When we last left Kate and Tully, the best friends portrayed in Firefly Lane, the friendship was on rocky ground. Now Kate has died of cancer, and Tully, whose once-stellar TV talk show career is in free fall, is wracked with guilt over her failure to be there for Kate until her very last days. Kate’s death has cemented the distrust between her husband, Johnny, and daughter Marah, who expresses her grief by cutting herself and dropping out of college to hang out with goth poet Paxton. Told mostly in flashbacks by Tully, Johnny, Marah and Tully’s long-estranged mother, Dorothy, aka Cloud, the story piles up disasters like the derailment of a high-speed train. Increasingly addicted to prescription sedatives and alcohol, Tully crashes her car and now hovers near death, attended by Kate’s spirit, as the other characters gather to see what their shortsightedness has wrought. We learn that Tully had tried to parent Marah after her father no longer could. Her hard-drinking decline was triggered by Johnny’s anger at her for keeping Marah and Paxton’s liaison secret. Johnny realizes that he only exacerbated Marah’s depression by uprooting the family from their Seattle home. Unexpectedly, Cloud, who rebuffed Tully’s every attempt to reconcile, also appears at her daughter’s bedside. Sixty-nine years old and finally sober, Cloud details for the first time the abusive childhood, complete with commitments to mental hospitals and electroshock treatments, that led to her life as a junkie lowlife and punching bag for trailer-trash men. Although powerful, Cloud’s largely peripheral story deflects focus away from the main conflict, as if Hannah was loath to tackle the intractable thicket in which she mired her main characters.

Unrelenting gloom relieved only occasionally by wrenching trauma; somehow, though, Hannah’s storytelling chops keep the pages turning even as readers begin to resent being drawn into this masochistic morass.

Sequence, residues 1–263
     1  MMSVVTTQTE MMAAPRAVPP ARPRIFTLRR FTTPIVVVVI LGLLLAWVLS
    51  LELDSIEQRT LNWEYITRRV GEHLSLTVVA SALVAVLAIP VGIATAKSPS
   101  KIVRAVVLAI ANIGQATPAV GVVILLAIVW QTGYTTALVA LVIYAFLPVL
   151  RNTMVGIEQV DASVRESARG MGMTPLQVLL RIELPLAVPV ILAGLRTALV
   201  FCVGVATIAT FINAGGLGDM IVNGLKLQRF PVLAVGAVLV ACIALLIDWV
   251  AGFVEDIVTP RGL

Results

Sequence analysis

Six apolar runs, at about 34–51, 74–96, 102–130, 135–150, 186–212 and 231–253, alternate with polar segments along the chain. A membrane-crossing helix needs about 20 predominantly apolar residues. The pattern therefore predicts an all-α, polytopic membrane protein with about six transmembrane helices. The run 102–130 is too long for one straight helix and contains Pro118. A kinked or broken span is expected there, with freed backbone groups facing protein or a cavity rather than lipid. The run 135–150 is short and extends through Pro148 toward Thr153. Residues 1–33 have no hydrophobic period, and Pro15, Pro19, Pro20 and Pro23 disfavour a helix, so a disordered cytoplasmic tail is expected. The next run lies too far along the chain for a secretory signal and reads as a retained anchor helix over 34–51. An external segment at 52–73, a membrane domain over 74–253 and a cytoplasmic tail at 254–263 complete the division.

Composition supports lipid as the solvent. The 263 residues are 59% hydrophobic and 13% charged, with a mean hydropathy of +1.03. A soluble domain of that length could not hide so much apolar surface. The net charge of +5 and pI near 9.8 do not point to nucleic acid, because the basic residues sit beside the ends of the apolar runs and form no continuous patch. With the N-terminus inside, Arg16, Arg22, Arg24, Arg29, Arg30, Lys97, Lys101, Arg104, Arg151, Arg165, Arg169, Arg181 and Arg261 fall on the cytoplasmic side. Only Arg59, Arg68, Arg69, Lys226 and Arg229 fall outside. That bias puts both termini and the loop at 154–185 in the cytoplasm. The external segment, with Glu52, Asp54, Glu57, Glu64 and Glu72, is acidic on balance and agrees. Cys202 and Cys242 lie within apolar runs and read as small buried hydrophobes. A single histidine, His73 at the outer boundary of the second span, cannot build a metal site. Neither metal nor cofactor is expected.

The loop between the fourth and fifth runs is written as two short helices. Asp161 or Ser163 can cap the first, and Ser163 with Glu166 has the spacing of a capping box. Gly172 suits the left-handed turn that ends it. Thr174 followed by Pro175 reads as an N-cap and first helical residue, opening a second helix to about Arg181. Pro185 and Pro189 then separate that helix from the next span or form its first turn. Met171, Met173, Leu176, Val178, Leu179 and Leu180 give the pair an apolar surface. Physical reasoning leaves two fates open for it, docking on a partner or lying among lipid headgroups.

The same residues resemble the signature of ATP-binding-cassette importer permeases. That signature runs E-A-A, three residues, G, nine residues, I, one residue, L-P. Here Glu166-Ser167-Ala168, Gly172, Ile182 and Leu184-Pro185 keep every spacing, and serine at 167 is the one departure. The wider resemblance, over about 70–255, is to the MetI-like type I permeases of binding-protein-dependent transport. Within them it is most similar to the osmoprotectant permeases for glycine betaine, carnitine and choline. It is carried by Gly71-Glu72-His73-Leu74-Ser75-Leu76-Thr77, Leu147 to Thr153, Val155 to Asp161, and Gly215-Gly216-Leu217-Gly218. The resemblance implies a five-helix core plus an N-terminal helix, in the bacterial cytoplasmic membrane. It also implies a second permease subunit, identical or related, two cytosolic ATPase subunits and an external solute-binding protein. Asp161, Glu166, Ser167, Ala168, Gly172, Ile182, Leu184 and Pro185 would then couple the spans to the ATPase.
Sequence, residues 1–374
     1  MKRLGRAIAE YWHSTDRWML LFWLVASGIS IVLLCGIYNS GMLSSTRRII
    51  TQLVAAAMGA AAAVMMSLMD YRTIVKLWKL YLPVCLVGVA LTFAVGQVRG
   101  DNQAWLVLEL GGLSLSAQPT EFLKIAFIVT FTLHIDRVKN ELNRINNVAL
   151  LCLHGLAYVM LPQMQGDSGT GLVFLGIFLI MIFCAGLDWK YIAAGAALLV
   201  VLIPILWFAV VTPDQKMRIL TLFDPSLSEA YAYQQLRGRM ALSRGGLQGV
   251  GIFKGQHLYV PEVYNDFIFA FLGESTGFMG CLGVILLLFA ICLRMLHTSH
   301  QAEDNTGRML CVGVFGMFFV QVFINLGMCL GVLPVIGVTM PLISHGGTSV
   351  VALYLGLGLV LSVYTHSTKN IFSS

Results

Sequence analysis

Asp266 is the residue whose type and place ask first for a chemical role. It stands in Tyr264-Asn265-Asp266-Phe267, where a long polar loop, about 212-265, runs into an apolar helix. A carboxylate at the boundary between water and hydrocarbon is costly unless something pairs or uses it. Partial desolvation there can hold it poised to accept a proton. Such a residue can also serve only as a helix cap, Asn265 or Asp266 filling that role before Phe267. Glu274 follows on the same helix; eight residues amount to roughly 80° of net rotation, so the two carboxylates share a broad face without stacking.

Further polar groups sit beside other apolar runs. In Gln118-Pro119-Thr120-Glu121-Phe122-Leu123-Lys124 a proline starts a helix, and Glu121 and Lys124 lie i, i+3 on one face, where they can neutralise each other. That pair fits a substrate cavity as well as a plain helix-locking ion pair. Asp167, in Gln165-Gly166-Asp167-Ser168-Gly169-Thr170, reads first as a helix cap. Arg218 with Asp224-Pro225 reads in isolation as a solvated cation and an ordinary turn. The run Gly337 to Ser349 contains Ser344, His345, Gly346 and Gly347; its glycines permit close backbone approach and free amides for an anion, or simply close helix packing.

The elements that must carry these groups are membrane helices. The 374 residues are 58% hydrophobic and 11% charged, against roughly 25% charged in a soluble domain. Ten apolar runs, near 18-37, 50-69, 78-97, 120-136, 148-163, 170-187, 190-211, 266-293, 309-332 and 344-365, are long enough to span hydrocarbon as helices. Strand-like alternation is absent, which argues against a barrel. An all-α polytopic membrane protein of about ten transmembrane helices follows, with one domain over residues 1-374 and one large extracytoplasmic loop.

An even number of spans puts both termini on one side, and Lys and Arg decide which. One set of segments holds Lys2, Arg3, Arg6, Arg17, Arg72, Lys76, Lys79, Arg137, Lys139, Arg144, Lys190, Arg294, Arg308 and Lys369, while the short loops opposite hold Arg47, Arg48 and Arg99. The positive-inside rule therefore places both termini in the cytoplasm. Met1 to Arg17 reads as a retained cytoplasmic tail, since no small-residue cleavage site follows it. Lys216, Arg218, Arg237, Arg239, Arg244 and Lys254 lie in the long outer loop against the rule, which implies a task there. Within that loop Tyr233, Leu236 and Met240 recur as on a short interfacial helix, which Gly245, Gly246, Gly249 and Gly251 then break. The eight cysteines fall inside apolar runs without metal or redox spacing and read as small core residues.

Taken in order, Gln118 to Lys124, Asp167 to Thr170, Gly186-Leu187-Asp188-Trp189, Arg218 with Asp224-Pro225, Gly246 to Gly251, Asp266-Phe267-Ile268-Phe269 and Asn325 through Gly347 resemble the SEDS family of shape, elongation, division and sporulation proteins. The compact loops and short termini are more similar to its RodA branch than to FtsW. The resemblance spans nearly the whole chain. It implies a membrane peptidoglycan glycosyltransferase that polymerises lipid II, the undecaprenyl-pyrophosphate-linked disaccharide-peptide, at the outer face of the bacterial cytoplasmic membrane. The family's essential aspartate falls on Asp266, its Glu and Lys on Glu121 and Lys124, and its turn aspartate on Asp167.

Pub Date: April 23, 2013

ISBN: 978-0-312-57721-6

Page Count: 416

Publisher: St. Martin's

Review Posted Online: Feb. 18, 2013

Kirkus Reviews Issue: March 1, 2013

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Debut novel by hip-hop rap artist Sister Souljah, whose No Disrespect (1994), which mixes sexual history with political diatribe, is popular in schools country-wide. In its way, this is a tour de force of black English and underworld slang, as finely tuned to its heroine’s voice as Alice Walker’s The Color Purple. The subject matter, though, has a certain flashiness, like a black Godfather family saga, and the heroine’s eventual fall develops only glancingly from her character. Born to a 14-year-old mother during one of New York’s worst snowstorms, Winter Santiaga is the teenaged daughter of Ricky Santiaga, Brooklyn’s top drug dealer, who lives like an Arab prince and treats his wife and four daughters like a queen and her princesses. Winter lost her virginity at 12 and now focuses unwaveringly on varieties of adolescent self-indulgence: sex and sugar-daddies, clothes, and getting her own way. She uses school only as a stepping-stone for getting out of the house—after all, nobody’s paying her to go there. But if there’s no money in it, why go? Meanwhile, Daddy decides it’s time to move out of Brooklyn to truly fancy digs on Long Island, though this places him in the discomfiting position of not being absolutely hands-on with his dealers; and sure enough the rise of some young Turks leads to his arrest. Then he does something really stupid: he murders his wife’s two weak brothers in jail with him on Riker’s Island and gets two consecutive life sentences. Winter’s then on her own, especially with Bullet, who may have replaced her dad as top hood, though when she selfishly fails to help her pregnant buddy Simone, there’s worse—much worse—to come. Thinness aside: riveting stuff, with language so frank it curls your hair. (Author tour)

Pub Date: April 1, 1999

ISBN: 0-671-02578-3

Page Count: 320

Publisher: Pocket

Review Posted Online: May 20, 2010

Kirkus Reviews Issue: Feb. 1, 1999